Portfolio Diversification

Diversification is Such a Drag ... And That's a Good Thing For Your Portfolio

September 24, 2018
Michael ListBy Michael List, CFP®
Portfolio Manager

Ten years ago this month, Lehman Brothers became the largest company in U.S. history to file for bankruptcy protection.  News that this 158-year-old giant with over $600 billion in assets had failed, sent shockwaves through the global financial markets.  It was also probably the last time most people saw a chart like this:

Asset Class Quilt Chart

The quilt chart ranks yearly performance for a broad array of asset classes (unfortunately, crypto-kitties don’t have enough history to make this chart yet).  If you select any single asset class, you will find years it performs in the top half and other years when it falls to the bottom half.  However, when you follow the diversified asset allocation, you find it is almost always in the middle third.

This is what makes diversification such a "drag" — you don't get as much immediate gratification from the year's best performing asset class (a diversified portfolio just doesn’t hold enough of it). But this also happens to be the best thing about diversification, because the lowest performing class won't hurt you as much. Just imagine if your entire portfolio relied solely on EM Equity back in 2008. Ouch.

There are many levels of diversification.  You can diversify with different issuers, sectors, sizes, countries and asset classes, to name a few.  But they all have the same effect — a diverse portfolio will protect you from extremes and fall somewhere in the middle.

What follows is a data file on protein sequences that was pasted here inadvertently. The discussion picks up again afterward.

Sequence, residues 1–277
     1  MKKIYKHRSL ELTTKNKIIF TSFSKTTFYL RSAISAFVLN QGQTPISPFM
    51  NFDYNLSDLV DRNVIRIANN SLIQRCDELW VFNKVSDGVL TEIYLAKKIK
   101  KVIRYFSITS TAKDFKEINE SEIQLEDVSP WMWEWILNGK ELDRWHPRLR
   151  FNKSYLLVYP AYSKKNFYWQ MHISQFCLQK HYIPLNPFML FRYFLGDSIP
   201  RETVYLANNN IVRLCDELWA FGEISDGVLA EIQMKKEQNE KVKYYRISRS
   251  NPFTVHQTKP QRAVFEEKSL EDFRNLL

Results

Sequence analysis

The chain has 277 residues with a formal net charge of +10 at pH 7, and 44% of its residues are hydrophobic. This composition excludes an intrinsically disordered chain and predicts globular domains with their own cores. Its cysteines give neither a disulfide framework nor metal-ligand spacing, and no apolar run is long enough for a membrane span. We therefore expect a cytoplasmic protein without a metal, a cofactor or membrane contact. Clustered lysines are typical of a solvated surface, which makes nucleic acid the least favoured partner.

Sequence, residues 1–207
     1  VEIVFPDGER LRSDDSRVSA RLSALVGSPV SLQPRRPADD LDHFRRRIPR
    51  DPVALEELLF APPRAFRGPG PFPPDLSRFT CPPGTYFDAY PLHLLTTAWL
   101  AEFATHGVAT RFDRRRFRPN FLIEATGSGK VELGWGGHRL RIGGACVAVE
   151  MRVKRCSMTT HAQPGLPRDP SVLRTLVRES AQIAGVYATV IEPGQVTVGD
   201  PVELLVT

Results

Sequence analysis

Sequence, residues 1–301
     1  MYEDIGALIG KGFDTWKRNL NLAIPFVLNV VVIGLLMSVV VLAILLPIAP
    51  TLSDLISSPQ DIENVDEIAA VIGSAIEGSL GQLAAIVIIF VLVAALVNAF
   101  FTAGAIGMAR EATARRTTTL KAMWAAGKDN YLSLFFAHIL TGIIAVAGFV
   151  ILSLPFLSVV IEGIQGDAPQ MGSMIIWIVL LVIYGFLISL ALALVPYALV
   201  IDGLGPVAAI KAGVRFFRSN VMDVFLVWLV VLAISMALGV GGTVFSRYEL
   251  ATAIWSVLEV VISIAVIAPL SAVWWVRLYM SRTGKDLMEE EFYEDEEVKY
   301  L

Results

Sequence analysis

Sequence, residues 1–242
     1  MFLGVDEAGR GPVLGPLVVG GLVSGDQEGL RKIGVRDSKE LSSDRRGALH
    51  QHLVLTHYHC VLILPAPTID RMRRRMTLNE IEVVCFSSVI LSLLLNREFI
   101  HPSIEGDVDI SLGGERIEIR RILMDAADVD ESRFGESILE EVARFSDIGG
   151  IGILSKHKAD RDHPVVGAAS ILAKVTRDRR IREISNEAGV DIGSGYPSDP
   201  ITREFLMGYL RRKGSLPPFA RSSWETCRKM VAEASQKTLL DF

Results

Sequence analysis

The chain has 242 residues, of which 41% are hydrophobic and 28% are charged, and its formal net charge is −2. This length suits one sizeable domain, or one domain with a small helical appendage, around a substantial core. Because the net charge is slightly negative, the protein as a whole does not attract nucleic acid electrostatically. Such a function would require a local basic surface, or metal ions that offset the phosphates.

Through August, three stocks — Amazon.com, Apple and Microsoft — are responsible for nearly 40 percent of the S&P 500’s 9.9 percent year-to-date return.  Again, when you are diversified, you won't own enough of these three stocks to realize that return.  Although, these three stocks have an average Price-to-Earnings ratio of 75:1 (vs S&P 500’s P/E ratio of 21:1), with a diversified portfolio you own a bunch of other assets that are trading at far more attractive valuations. While valuations don’t make reliable timing signals and don’t provide a guarantee, they are the best predictor of future returns.

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About the Author

Michael List, CFP®

Michael List is an Investment Management Officer within Security National's Wealth Management Division. Michael earned his Bachelor of Science in Business Administration with a concentration in Finance and Economics from Creighton University and holds the esteemed Certified Financial Planner, CFP® certification. List helps execute investment strategy, transactional execution and overall portfolio management. Having dedicated 14 years to the field of Wealth Management, Michael List brings a wealth of experience to his role, contributing to the success and growth of Security National Bank since 2008.